Message from the President, Dr. Donald Li, May 2013
Dear Fellows and colleagues,
The maintenance and renovation work at the Academy Building has commenced since April. After 15 years, a lot of repairs and upgrading are necessary. We have spent almost 6 months planning for the changes. I have been personally involved, and after seeking comments and opinions of College representatives and Fellows, I was reminded to be sensitive to their expectations regarding the changes I plan to make. Rest assured the mission of the Academy of Medicine as a statutory body established and empowered to set and maintain standards for the training of specialists will always remain and be upheld by your President, Officers, and Council. Ultimately the objective of the renovation is to provide an improved modernised venue for examinations, continuing medical education, and continuous professional development activities for our Fellows. Hopefully the improvements will make Fellows feel “more at home”, such that they will make the Academy more attractive simply to come to for a drink or social gathering. Of course the other important task of the renovation is to set up the Simulation Centre on the 7th floor, and hopefully this will be ready in time for the 20th Anniversary celebration in December.
During the period of renovation work, there will be inconveniences, for which I urge all of you to bear with us. We have made careful plans to avoid major disruption to day-to-day College activities. All staff have been alerted to make sure examinations, meetings etc can still be carried out in appropriate rooms.
I feel that it is important for the Academy to remain well connected with Government and public bodies, academic institutions and organisations both locally and internationally. Since January, the Council has hosted four dinners with guests from the Food and Health Bureau, the Department of Health, the Hospital Authority, and the Medical and Dental Councils. It has been an effective way to improve communication and pave the way for future cooperation. In the future we intend to continue the dinners after Council meetings, so as to meet with other important stakeholders and partners. The highlight, however, will be a dinner in the summer to honour outstanding young Fellows, which will be to recognise those who have demonstrated outstanding achievements through receiving honours and prizes from their respective colleges. We are privileged to have good support from our resident kitchen staff and caterers, who are able to offer something special to our dinner guests at modest cost. We are thus able to be generous hosts without extravagance. Trying to offer the best we can afford is a show of respect to our honoured guests and not a show of opulence. I hope this will alleviate the worries of those with concerns.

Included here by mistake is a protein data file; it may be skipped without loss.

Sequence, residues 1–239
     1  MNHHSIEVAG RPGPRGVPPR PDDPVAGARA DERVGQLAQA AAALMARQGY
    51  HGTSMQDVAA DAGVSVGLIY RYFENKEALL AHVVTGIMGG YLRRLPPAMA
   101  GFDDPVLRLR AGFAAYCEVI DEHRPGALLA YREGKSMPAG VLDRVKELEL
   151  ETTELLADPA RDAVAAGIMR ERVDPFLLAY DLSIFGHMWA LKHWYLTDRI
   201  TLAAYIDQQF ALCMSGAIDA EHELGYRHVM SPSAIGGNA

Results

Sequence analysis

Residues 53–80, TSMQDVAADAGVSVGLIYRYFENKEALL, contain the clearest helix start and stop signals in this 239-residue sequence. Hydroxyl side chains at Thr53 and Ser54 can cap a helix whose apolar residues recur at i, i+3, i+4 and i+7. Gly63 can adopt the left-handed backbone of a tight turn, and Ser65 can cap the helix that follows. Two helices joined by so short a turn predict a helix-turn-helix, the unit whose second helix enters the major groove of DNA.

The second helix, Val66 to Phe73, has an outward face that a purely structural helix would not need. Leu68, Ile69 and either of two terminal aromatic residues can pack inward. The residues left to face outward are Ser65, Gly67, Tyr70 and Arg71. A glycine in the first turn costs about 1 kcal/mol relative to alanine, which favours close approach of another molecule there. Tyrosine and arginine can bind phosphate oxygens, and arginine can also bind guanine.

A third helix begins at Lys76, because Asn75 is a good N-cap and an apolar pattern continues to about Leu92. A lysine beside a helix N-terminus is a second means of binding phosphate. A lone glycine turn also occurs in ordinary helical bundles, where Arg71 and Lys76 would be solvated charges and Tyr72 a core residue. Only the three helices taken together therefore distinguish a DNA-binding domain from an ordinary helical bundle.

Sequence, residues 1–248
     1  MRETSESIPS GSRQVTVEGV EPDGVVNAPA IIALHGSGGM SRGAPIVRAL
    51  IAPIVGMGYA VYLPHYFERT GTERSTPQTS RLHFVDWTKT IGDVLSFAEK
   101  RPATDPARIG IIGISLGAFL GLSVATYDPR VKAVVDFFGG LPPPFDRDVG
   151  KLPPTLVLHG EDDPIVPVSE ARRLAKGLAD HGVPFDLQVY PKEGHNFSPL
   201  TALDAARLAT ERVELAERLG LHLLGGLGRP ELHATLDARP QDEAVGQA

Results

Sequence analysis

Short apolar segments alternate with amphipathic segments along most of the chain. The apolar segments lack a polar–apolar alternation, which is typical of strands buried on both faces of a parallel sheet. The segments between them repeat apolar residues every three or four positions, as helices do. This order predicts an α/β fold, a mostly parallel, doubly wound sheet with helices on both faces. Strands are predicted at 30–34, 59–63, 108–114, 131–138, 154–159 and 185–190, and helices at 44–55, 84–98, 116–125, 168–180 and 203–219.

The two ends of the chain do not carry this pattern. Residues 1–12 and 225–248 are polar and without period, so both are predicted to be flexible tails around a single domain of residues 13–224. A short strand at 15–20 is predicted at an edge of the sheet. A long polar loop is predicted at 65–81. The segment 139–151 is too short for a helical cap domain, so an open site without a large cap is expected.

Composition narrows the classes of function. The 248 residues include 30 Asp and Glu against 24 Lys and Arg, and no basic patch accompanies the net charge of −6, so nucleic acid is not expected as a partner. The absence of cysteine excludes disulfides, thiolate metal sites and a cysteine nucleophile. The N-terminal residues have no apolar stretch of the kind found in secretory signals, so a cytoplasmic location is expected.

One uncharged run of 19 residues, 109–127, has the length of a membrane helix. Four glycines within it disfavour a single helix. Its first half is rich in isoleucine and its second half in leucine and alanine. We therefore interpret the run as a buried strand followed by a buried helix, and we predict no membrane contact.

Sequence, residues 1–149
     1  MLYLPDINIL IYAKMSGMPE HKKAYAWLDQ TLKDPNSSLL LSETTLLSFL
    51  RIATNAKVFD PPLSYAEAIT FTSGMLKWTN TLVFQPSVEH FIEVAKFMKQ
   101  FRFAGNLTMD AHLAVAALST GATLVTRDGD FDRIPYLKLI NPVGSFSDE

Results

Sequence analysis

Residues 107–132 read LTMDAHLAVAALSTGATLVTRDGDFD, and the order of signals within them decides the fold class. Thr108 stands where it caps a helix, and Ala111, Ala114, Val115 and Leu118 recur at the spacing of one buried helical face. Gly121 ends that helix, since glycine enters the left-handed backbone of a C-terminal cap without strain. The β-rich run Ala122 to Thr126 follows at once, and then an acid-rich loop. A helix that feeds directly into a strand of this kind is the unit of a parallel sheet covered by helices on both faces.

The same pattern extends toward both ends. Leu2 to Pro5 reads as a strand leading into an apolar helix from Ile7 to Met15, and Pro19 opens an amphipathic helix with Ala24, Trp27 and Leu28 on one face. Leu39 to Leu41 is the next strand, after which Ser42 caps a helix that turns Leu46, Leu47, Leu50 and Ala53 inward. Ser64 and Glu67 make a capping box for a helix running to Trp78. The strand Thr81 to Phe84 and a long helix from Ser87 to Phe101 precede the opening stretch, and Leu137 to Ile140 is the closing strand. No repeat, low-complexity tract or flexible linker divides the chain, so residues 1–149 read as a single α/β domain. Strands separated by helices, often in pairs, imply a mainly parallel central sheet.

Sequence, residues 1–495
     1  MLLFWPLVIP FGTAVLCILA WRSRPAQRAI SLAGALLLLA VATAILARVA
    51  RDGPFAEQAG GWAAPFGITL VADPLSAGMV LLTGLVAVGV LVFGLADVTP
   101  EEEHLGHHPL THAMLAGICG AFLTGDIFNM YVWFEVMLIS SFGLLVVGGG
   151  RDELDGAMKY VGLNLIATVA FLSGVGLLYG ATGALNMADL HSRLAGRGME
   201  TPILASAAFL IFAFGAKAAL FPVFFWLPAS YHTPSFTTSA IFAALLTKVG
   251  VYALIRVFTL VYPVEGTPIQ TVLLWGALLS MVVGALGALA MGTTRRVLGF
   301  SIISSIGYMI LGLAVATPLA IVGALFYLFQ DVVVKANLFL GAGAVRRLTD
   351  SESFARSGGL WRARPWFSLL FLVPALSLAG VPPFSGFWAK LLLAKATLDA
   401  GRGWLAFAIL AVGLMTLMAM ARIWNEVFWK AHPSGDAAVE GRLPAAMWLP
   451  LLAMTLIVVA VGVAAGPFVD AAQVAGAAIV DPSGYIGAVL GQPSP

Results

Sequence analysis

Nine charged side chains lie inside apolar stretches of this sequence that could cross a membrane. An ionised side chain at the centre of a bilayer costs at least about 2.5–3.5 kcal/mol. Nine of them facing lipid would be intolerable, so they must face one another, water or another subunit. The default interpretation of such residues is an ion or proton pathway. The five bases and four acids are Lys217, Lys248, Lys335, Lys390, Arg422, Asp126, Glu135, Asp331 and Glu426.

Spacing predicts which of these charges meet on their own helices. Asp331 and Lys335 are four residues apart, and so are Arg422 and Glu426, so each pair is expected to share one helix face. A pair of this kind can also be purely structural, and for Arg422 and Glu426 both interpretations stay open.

Recently, I led a delegation to study simulation training at the Centre for Medical Simulation (CMS) in Boston so as to gain knowledge in the setting up of such a facility at the Academy. This was an eye-opening experience and we were truly inspired. One important message I came away with was that a prime objective of simulation training was to improve patient safety. The CMS started its work encouraged by medical insurance companies that were willing to reduce indemnity premiums for those who underwent simulation training, for example in anaesthesia. During a recent meeting with the Medical Protection Society (MPS), I immediately introduced this idea for discussion, and it was well received. I hope we can have more discussions with the MPS when the Simulation Centre becomes a reality. During my trip to Boston I also spent an afternoon at the Harvard School of Public Health and learnt quite a lot about disaster preparedness and management, and the value of simulation training in these areas. It was indeed also a valuable continuous professional development exercise for me to learn about environmental epigenetics, intergeneration inequality issues of the ageing population, as well as the extinction of bees as a result of pesticides. After the Boston visit, Vice President Prof CS Lau and I attended the annual meeting of the American College of Physicians (ACP) in San Francisco. This was truly an international gathering of medical leaders and a great opportunity to network. I am happy to report that the ACP and others from the UK, Australia, Thailand, and elsewhere have promised to send representatives to our 20th Anniversary Conference in December.
In conclusion, as we prepare to celebrate the achievements of the Academy and the hard work of everyone concerned with it over the past 20 years, we can see that improvements and changes are inevitable. As your President, let me assure you that whatever changes I propose will be for the better and sensitive to the aspirations of all its stakeholders.
Dr Donald Li